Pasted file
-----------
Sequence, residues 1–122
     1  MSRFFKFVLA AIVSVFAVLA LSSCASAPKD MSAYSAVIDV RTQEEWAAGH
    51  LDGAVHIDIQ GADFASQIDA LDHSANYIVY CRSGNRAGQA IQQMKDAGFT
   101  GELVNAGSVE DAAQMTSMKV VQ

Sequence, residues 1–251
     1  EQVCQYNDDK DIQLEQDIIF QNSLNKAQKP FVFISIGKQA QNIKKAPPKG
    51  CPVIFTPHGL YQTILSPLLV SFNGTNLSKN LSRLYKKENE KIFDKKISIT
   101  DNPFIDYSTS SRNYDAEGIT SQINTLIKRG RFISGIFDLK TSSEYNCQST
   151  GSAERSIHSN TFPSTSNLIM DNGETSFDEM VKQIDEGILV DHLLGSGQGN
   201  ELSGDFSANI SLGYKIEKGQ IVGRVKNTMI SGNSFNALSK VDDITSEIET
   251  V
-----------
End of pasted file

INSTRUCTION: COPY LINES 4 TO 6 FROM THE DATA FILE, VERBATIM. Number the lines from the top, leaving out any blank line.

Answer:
   101  GELVNAGSVE DAAQMTSMKV VQ

Sequence, residues 1–251
     1  EQVCQYNDDK DIQLEQDIIF QNSLNKAQKP FVFISIGKQA QNIKKAPPKG